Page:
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Anacoluthon: A stylistic error

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Posted on 
April 6, 2021

In my post Make an impression with stylistic devices, I described some of the stylistic devices that all of us use: comparison, metaphor, metonymy, etc. But there are others that you need to be aware of because they’re considered to be stylistic errors. Today, I’m writing about anacoluthon, which is often seen in English writing in the form of “dangling modifiers.”

No, anacoluthon isn’t a type of anaconda

Anacoluthon is a breakdown in the structure of a sentence. It’s heading in one direction and changing your mind halfway through. In other words, anacoluthon occurs when the ideas aren’t connected. Some writers use it to surprise or confuse their readers. Here’s an example:

Cleopatra’s nose, had it been shorter, the whole face of the world would have been changed.

This quote, from French thinker Blaise Pascal, surprises the reader because they expect “it,” which refers to “Cleopatra’s nose,” to be the subject of the verb “would have been changed.”

Cleopatra’s nose, had it been shorter, would have changed the whole face of the world. (her nose would have changed…)

That’s how syntax works in English. The verb in the introductory clause (“had … been”) and the verb in the main clause (“would have changed”) must have the same subject. Playing with this syntax leads to a breakdown in the structure.

If Pascal did it, then why is it an error?

Anacoluthon is considered to be an error because it results in sentences that don’t follow the logic of English grammar. Anacoluthon can certainly be used to create an intentional stylistic effect, but it becomes an issue when it creates an unintentional effect. In short, anacoluthon is problematic because it can have secondary effects.

Secondary effects? But what do they have to do with grammar?

By “secondary effects,” I mean unintentional effects that interfere with the reader’s ability to understand the message.

In English writing, a common type of anacoluthon is the dangling modifier. In sentences with dangling modifiers, the subject of the main clause and the subject of the modifying clause or phrase aren’t the same. The following are some examples of the secondary effects of dangling modifiers.

Secondary effects of dangling modifiers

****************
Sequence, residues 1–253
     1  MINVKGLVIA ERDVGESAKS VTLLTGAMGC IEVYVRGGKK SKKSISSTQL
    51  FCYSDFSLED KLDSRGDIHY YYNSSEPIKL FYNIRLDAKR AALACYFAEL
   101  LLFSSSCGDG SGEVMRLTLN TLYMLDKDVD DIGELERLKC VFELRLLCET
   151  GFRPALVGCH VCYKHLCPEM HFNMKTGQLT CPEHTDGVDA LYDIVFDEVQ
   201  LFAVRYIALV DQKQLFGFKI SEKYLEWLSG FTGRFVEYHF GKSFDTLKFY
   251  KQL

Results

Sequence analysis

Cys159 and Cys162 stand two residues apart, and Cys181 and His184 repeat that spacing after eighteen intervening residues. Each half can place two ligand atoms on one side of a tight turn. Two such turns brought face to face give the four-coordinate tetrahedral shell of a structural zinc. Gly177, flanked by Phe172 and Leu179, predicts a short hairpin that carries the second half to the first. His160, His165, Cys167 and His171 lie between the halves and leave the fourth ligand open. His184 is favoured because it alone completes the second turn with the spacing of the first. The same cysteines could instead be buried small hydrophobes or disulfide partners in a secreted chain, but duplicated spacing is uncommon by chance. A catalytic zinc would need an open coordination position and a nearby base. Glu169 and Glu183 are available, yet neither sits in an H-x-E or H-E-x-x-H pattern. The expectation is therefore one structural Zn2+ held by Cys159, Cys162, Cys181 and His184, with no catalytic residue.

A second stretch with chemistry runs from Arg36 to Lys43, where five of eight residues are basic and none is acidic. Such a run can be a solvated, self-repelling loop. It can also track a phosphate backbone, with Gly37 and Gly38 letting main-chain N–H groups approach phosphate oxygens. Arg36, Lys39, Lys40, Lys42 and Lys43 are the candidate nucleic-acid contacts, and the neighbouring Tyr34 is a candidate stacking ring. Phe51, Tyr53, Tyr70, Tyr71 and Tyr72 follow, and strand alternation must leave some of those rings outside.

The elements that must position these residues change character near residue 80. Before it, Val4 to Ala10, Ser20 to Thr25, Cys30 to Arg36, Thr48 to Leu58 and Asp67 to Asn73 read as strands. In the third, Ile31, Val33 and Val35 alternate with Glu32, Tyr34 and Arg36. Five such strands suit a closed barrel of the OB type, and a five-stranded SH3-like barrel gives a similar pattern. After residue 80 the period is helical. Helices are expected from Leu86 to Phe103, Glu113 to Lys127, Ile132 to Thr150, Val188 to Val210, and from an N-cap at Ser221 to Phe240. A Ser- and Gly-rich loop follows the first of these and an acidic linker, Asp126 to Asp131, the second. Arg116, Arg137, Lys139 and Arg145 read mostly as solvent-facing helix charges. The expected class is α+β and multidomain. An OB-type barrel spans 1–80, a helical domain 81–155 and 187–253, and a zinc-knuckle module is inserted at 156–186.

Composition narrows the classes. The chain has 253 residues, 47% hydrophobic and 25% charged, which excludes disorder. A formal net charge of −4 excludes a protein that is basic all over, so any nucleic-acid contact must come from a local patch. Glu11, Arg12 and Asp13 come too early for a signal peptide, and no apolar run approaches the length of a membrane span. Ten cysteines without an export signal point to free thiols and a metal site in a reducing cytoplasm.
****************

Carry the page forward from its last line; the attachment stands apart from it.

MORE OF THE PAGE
Effect Example Explanation
Ambiguity An excellent student, the teacher recognized Alex in front of the class. It’s unclear whether Alex or the teacher is an excellent student.
Contradiction The parents punished the children after having horsed around all day. This sentence suggests that the parents horsed around, even though it was the children.
Illogicality Unsold, she called a real estate agent. It’s the property that hasn’t sold, not the owner (“she”).

How to be smarter than Pascal

Here’s the rule:

The introductory clause and the main clause must have the same subject.

There are several strategies to achieve this.

Change the subject (and the verb) in the main clause

Incorrect:
As a follow-up to our discussion, you will find the attached report.

Correct:
As a follow-up to our discussion, I am sending you the attached report.
(The introductory clause and the main clause now have the same subject: I am following up on our discussion and I am sending you….)

Rearrange the elements

Incorrect:
Written by the committee, I am giving you the report.

Correct:
I am giving you the report written by the committee.

Replace a verb in the infinitive with a noun

Incorrect:
The report will be sent to management to approve the changes.

Correct:
The report will be sent to management for approval of the changes.

Using these three strategies will help you avoid structural errors.

If you’re looking for a way to practice identifying dangling modifiers, I’d recommend taking the quiz Dangling modifiers 1 from the Language Portal of Canada.

You can also read the following articles on the Language Portal of Canada: “The Elusive Dangling Modifier” (from Peck’s English Pointers) and “dangling modifiers” (from Writing Tips Plus). For more information on anacoluthon, check out Brian Mossop’s article “Understanding Poorly Written Source Texts” (from Favourite Articles).

Adapted by Anne-Marie Tugwell, Language Portal of Canada

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The opinions expressed in posts and comments published on the Our Languages blog are solely those of the authors and commenters and do not necessarily reflect the views of the Language Portal of Canada.

About the author

Ève Lyne Marchand

Ève Lyne Marchand

Ève Lyne Marchand has been an English-to-French translator for the Government of Canada since 2009. She specializes in employment, training and project management. In addition to translation, she studied creative writing and music: her tickets to another life in which she would spend her time writing works of poetry, fantasy and science fiction.

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Good, solid advice with good, solid examples!

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